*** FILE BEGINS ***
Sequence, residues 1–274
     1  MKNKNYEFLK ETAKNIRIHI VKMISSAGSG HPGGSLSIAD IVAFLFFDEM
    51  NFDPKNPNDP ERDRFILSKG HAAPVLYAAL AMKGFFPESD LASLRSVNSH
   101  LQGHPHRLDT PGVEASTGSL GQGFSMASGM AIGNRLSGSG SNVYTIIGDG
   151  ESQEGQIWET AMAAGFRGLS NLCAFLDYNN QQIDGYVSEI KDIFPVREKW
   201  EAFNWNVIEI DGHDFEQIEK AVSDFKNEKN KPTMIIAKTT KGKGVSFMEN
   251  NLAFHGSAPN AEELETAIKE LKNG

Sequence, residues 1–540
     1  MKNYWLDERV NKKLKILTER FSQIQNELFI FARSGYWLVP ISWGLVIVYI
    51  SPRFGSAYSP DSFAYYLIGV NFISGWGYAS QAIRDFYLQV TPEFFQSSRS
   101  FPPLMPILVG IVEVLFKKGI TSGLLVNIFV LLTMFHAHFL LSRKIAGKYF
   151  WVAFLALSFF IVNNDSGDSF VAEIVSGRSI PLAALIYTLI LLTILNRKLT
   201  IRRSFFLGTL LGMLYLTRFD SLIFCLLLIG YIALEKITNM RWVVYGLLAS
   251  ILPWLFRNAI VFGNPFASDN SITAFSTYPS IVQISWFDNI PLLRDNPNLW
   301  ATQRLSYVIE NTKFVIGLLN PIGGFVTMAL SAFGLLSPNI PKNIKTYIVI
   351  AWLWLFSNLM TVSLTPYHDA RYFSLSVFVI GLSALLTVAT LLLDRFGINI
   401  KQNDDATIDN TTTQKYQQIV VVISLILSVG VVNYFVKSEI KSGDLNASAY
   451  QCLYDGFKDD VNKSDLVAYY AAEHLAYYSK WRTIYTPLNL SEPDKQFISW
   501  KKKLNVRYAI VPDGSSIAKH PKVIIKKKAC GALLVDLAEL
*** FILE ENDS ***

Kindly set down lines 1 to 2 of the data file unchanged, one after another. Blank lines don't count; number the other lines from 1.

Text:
Sequence, residues 1–274
     1  MKNKNYEFLK ETAKNIRIHI VKMISSAGSG HPGGSLSIAD IVAFLFFDEM